Place de l’Europe-Simone Veil, Paris, FRANCE

2019 Realised in the frame of EMBELLIR Paris Contest

Site specific artwork in the Parisian public space

Photographies Guillaume Thomas

Transcending the landscape

Disks of luminous beads are arranged along a circular horizontal line. Their intensity increases and decreases in waves around a traffic roundabout like “zeniths” appearing and disappearing in an undulating motion. When the sun appears, the photosensitivity of the beads in the circle or “necklace” makes them shine. The coloured reflected light stands out in the urban landscape. The fluidity of the colours appears in chromatic transitions: green becomes red, which in turn is tinged with yellow; yellow turns into blue, which again calls for yellow, which turns into luminous white, which calls for the blue of the sky by day—which a few hours later will return to its opposite: midnight blue. This is the principle of the moments of colour and light that unfold during the day and ultimately plunge into nocturnal space. In the dark flow, the art installation is activated by our headlights. The light is reflected back to the driver, who seems to be the sole viewer of the work. This installation is designed to create an experience of real space.

The “necklace”

36 metres in diameter, the “necklace” surrounds the roundabout with 89,000 reflective glasses forming points of light. It is on the scale of the urban landscape and marks out the centre of the square. By day the natural light flooding the roundabout makes the “necklace” itself visible. At night, the circling cars and the flow of traffic arriving on the square from the adjacent streets illuminate the roundabout; each beam is reflected, transforming the work anew.

Simone Veil and Europe

The first president of the European Parliament in 1979, Simone Veil was a passionate advocate of a patiently constructed Europe. Madame Veil also embodied other struggles, such as the fight against anti-Semitism, the struggle for women’s rights, and the law authorising abortion. She was interred in the Panthéon on 1 July 2018.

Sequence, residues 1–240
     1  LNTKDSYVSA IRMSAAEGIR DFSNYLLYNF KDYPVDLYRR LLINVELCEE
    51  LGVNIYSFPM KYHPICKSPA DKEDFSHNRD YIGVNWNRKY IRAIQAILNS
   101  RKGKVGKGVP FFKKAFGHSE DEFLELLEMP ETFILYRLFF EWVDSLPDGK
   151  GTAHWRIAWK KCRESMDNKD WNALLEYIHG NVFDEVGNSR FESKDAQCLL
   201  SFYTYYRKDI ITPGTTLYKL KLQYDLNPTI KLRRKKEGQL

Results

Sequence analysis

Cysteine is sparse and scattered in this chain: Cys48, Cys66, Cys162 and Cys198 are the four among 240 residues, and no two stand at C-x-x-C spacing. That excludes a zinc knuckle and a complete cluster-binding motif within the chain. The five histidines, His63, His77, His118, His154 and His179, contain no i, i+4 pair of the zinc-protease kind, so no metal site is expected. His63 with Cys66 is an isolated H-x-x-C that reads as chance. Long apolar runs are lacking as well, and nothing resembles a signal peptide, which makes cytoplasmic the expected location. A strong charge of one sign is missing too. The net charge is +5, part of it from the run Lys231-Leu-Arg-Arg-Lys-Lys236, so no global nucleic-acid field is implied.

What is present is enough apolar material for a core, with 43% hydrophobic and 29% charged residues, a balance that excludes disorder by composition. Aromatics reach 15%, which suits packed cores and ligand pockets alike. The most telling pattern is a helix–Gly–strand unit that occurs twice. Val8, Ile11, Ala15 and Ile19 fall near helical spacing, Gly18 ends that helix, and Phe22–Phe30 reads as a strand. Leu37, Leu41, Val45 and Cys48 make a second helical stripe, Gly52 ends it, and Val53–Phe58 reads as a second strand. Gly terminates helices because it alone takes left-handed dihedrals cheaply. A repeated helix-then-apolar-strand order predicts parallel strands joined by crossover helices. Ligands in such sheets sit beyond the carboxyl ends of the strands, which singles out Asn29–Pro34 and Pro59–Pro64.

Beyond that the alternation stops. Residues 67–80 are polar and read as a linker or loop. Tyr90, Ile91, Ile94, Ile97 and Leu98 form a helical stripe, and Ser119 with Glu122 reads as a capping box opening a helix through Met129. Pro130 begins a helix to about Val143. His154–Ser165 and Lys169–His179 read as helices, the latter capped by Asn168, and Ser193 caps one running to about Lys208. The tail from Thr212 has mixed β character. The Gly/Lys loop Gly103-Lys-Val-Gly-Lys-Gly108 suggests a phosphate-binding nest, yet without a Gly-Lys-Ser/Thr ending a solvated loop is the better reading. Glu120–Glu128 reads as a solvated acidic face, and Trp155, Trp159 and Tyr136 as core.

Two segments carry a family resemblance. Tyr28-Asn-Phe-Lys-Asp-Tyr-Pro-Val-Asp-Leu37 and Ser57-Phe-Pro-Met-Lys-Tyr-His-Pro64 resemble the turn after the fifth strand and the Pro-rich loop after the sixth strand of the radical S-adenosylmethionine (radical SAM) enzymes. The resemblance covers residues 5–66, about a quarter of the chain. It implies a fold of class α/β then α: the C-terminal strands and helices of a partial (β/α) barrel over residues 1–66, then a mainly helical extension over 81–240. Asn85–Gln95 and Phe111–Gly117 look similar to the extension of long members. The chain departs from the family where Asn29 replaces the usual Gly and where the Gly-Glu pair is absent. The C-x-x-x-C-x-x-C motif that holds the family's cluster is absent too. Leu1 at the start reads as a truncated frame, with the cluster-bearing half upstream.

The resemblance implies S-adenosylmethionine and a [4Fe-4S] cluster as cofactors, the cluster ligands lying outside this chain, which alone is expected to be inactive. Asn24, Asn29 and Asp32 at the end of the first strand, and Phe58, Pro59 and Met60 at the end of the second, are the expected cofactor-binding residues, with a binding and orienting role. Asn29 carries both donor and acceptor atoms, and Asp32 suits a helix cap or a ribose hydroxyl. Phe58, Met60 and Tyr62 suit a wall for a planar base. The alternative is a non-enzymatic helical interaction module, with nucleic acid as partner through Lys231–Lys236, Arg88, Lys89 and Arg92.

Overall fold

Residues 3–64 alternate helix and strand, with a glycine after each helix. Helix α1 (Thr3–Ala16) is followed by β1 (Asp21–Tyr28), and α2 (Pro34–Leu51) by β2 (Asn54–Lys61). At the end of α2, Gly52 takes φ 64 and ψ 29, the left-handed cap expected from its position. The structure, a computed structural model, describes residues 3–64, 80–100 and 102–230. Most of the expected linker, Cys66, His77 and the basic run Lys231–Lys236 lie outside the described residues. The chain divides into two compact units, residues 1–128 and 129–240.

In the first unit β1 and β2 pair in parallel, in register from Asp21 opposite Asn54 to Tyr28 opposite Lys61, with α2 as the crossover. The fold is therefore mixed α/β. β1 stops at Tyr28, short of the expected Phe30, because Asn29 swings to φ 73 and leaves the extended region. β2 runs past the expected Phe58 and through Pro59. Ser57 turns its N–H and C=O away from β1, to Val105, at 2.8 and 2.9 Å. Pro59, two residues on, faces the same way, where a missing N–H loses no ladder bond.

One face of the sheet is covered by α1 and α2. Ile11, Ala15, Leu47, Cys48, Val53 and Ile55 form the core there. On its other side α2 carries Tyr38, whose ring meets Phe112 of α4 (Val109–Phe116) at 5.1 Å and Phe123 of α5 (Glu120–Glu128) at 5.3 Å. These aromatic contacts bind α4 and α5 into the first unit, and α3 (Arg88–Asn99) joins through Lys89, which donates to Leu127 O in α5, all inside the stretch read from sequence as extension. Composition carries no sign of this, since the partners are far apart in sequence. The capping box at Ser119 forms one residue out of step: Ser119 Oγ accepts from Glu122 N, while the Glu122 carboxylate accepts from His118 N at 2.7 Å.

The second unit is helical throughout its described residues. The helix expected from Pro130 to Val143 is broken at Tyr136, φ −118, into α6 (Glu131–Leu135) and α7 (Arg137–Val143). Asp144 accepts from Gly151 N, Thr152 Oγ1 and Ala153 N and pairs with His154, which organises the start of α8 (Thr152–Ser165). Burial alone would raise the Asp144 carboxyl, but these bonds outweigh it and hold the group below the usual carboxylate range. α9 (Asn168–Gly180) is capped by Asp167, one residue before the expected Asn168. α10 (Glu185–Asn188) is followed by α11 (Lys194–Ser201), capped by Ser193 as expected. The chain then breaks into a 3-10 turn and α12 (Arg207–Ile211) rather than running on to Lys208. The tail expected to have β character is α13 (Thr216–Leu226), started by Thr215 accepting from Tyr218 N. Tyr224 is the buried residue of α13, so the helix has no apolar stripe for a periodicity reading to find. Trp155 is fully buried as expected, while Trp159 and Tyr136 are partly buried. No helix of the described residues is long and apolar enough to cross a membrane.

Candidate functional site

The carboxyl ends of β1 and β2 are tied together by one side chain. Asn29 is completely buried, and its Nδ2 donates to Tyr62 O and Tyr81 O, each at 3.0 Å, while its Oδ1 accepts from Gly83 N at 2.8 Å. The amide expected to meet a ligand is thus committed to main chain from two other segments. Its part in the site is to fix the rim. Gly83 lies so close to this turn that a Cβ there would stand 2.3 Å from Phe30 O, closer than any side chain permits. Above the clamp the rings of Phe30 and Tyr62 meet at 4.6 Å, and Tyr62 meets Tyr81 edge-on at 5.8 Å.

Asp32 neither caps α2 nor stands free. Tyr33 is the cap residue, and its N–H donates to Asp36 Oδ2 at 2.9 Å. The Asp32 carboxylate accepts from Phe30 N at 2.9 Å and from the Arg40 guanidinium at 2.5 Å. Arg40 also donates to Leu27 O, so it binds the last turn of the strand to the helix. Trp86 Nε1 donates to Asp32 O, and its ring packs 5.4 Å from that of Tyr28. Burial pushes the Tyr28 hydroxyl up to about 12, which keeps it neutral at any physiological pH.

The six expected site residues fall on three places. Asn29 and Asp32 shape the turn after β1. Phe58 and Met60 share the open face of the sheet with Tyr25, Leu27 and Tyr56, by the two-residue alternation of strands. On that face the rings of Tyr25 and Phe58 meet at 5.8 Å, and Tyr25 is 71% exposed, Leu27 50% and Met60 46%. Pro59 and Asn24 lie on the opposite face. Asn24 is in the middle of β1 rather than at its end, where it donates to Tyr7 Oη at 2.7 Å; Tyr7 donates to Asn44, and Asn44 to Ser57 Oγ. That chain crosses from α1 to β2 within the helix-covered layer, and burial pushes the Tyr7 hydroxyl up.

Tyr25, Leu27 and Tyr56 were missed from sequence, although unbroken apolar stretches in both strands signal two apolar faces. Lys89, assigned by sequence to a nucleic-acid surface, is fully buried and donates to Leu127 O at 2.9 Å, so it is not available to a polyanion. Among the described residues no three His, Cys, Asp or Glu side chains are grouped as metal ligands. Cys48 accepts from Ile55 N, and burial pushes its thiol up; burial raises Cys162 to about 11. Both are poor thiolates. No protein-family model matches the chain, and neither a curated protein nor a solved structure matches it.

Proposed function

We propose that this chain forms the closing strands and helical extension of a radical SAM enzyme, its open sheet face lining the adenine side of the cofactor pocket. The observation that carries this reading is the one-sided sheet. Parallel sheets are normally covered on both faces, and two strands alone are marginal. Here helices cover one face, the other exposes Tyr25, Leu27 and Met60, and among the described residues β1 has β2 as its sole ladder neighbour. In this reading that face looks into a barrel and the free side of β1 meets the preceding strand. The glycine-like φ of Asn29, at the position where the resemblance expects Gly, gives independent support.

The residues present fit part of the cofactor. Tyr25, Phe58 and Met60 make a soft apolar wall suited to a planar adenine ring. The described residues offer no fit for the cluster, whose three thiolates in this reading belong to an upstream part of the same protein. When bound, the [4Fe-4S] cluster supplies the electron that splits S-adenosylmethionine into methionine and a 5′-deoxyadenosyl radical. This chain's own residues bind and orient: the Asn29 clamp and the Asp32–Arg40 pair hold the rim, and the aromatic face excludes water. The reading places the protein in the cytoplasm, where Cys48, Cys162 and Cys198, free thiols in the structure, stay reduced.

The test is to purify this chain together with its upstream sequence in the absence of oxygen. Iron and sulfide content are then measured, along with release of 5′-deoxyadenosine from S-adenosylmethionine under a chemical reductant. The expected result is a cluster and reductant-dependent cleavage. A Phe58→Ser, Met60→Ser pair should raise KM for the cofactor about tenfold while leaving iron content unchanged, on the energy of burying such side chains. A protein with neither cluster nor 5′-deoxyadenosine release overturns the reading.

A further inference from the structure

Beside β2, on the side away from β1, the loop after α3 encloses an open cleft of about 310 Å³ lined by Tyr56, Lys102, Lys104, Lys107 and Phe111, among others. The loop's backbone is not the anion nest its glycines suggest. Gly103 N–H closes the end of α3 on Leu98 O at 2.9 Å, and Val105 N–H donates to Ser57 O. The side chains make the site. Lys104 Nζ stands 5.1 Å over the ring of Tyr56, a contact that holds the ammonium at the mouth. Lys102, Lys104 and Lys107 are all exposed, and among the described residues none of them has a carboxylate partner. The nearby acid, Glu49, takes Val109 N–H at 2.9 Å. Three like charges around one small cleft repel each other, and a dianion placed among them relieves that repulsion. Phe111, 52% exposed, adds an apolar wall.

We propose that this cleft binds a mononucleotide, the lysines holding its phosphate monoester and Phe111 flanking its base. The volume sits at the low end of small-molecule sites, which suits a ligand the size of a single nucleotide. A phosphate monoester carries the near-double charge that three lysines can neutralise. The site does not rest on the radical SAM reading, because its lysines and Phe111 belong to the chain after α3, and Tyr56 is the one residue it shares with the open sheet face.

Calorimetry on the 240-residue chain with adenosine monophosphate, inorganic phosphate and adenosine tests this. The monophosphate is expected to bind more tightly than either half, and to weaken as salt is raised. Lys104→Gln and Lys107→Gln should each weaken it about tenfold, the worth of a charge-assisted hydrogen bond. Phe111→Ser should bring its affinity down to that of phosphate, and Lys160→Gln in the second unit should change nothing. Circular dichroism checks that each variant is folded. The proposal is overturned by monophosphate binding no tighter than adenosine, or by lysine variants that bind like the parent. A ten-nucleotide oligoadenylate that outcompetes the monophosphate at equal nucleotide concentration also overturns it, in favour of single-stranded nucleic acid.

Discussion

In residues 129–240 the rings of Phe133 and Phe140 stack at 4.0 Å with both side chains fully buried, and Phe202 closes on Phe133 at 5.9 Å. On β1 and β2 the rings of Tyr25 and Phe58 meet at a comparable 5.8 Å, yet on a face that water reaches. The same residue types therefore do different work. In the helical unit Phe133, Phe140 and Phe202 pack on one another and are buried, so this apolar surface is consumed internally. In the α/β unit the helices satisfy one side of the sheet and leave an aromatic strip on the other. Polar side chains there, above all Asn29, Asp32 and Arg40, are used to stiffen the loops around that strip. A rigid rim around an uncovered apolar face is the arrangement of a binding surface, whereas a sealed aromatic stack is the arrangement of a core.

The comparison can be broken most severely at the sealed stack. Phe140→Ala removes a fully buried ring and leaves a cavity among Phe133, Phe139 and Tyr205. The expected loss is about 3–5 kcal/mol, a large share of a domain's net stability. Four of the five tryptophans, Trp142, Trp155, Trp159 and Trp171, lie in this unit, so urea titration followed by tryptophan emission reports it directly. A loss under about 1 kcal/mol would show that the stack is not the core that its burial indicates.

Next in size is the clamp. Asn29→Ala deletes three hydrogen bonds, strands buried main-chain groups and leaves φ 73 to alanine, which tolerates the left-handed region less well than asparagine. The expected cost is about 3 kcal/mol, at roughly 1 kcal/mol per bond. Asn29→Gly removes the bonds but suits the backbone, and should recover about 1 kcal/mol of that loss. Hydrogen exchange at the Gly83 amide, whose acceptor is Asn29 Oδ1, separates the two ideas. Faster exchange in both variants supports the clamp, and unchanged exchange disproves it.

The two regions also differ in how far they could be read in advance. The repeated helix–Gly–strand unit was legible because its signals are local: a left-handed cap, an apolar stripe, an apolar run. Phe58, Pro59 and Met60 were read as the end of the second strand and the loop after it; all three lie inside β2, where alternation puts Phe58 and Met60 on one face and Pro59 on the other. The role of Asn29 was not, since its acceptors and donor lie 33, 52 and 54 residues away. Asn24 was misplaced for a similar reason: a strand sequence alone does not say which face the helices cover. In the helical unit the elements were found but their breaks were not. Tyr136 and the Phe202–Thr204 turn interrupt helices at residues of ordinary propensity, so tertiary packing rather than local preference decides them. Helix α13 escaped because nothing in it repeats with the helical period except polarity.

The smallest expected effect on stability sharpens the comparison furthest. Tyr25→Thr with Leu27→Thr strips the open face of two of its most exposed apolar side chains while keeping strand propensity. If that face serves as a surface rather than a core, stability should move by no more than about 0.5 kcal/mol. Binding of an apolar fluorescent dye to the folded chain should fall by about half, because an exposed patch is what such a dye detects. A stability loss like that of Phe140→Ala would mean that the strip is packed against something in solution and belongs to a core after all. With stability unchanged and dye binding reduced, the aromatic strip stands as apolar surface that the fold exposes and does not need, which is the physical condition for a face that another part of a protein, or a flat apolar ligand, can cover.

Painting with glass beads and lights is like juxtaposing dabs of paint. Green results from neighbouring blue and yellow, yellow arises from red and green…This is a nod to the Impressionist painters who, standing on the Pont de L’Europe near the Gare St-Lazare, painted the steam from the locomotives shimmering in the sunlight. These painters expressed themselves with dabs of colour in order to create “additive synthesis”, which allowed them to preserve the brilliance of their painted colours via a phenomenon of optical vibration: the colours are mixed in the eye of the viewer.


Under the square, trains move along on almost straight tracks arriving and departing from the station. Strong lines form a structured urban landscape below, while on the square above there is a sense of fluidity in the curves and the central circle. Under the square, the trains arrive and depart slowly—as if time itself has slowed. The gentle rumble of the trains below can be heard.

The space joins in with the movement and offers a new movement of its own. It turns into a movement that is perceptible in a luminous glow. It is as if the light reveals a constant influence upon ourselves, prefiguring a confrontation with the here and now. This light system (which consumes zero energy) evokes movement, endlessness, continuity, infinity, and seeks to make them visible.

Nathalie Junod ponsard

489 disks of reflective coloured glasses